associating the discrete discipline with respective one or more first digital nets in the circuit design so that the one or more first digital nets are associated with respective one or more values of the discrete discipline;
identifying a plurality of first digital nets within a digital island of the circuit design that are associated with an undetermined discipline, wherein the digital island includes the plurality of first digital nets that extend through different hierarchical levels of the circuit design;
associating each of the plurality of first digital nets with the discrete discipline so that the each of the plurality of first digital nets is associated with a corresponding value, domain, or sensitivity of the discrete discipline;
verifying the connectivity or the functionality between one or more circuit design blocks based at least in part on whether the corresponding value, domain, or sensitivity of the discrete discipline associated with one of the one or more circuit design blocks is compatible with another corresponding value, domain, or sensitivity associated with a second one of the one or more circuit design blocks while eliminating a need for simulation;
resolving one or more incompatible discrete disciplines by propagating the discrete discipline up and down a plurality of hierarchies for one or more undetermined nets or components to acquire the discrete discipline or one or more other discrete disciplines; and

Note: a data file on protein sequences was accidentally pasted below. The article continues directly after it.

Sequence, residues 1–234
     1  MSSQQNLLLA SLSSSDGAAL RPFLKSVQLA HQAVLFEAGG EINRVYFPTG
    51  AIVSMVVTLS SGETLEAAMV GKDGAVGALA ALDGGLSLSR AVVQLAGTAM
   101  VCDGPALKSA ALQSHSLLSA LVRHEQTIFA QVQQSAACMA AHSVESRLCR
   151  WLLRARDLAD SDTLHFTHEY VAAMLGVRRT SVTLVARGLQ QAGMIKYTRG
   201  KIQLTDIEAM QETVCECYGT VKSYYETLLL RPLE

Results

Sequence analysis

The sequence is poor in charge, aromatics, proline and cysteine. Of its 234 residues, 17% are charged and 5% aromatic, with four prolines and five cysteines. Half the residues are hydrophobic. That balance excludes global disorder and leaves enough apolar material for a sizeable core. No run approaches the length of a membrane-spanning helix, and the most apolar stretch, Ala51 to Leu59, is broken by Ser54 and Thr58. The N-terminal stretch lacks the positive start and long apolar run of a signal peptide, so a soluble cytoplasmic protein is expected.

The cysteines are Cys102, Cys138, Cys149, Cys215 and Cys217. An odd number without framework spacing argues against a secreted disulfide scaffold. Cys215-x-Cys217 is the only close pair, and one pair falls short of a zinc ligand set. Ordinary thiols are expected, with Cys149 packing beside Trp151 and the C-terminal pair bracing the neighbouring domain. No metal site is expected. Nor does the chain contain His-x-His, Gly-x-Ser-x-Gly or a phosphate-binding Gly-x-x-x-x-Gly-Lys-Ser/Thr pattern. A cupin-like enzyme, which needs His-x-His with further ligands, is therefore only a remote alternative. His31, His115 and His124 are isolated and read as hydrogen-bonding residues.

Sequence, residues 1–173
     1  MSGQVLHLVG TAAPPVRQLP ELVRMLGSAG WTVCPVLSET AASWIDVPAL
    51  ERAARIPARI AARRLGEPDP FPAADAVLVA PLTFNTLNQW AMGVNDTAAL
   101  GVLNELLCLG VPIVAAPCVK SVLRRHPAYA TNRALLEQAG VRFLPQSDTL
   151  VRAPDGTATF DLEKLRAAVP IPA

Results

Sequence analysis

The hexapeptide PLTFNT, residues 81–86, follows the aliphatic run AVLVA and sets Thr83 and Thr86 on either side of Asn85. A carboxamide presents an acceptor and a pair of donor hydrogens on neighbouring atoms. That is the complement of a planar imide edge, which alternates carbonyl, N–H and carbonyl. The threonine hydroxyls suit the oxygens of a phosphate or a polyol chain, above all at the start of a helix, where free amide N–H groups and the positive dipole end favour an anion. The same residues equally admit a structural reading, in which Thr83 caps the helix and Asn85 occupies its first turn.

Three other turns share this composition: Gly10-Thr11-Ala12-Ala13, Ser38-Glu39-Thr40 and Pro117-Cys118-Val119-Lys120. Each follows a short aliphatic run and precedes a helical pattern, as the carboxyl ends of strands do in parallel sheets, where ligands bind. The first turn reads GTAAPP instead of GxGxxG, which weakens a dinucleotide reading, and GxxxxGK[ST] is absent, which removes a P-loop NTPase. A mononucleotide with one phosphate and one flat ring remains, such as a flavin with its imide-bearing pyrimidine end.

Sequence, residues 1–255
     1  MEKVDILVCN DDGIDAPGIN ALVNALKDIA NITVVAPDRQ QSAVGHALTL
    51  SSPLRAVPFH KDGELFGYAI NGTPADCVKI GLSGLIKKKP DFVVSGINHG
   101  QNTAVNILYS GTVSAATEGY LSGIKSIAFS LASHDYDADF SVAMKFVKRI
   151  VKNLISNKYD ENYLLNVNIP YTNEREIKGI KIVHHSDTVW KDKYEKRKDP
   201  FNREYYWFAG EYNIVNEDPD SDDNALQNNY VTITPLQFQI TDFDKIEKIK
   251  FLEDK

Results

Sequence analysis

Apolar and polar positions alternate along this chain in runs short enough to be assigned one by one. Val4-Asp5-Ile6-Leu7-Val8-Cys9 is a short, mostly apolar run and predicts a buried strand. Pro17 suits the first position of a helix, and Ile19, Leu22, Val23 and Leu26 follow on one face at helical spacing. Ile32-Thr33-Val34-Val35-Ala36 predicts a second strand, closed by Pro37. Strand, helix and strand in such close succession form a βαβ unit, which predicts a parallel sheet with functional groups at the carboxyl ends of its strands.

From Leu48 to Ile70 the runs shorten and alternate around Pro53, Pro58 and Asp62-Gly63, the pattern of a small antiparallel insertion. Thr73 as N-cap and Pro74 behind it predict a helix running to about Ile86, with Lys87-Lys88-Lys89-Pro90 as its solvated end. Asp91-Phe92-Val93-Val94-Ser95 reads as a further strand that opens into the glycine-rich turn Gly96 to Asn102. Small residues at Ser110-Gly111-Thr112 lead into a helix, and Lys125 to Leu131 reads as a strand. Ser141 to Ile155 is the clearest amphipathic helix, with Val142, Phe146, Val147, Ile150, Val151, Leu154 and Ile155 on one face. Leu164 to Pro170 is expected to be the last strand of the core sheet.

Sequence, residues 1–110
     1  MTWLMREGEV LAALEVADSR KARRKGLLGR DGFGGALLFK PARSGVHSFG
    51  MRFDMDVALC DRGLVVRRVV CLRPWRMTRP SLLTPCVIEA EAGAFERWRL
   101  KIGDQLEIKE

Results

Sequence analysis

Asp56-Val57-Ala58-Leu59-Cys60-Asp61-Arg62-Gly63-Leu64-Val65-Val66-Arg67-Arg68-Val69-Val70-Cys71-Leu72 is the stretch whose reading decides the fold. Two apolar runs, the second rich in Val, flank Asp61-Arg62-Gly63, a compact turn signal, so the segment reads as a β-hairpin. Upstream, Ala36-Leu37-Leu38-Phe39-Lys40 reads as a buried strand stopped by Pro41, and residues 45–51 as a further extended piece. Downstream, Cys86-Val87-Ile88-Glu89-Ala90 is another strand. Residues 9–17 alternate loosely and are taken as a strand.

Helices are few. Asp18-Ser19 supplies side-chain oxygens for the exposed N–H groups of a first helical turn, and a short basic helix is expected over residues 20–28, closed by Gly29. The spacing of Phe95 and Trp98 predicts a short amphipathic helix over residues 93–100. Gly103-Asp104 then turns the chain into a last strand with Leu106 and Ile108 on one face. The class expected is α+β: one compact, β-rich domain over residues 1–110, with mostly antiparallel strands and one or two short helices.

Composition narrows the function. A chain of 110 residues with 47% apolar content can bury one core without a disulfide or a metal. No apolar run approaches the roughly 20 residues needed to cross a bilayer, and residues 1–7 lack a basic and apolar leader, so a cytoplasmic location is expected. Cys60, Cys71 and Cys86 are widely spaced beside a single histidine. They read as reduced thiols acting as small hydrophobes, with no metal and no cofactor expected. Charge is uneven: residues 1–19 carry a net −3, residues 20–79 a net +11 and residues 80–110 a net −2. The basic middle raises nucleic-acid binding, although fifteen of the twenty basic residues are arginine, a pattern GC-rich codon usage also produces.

a display apparatus configured for displaying a result of the processor performing the act of verifying the connectivity or the functionality or a computer readable storage medium or a computer storage device configured for storing the result.
48. The system of claim 47, wherein the processor's performing the act of verifying comprises verifying whether one or more discrete disciplines of one or more digital domains are compatible.
49. A computer system for verifying circuit design connectivity or functionality, comprising:
a processor configured for:
defining a discrete discipline for a value of an operating parameter of the circuit design, wherein
the discrete discipline indicates the digital or analog nature of a net that corresponds to the operating parameter, and
the discrete discipline is used to identify at least one multiple different supply sensitivities or at least one multiple different supply voltages in the circuit design;
associating the discrete property with respective one or more first digital nets of the circuit design so that the respective one or more first digital nets are associated with respective one or more values, domains, or sensitivities of the discrete property;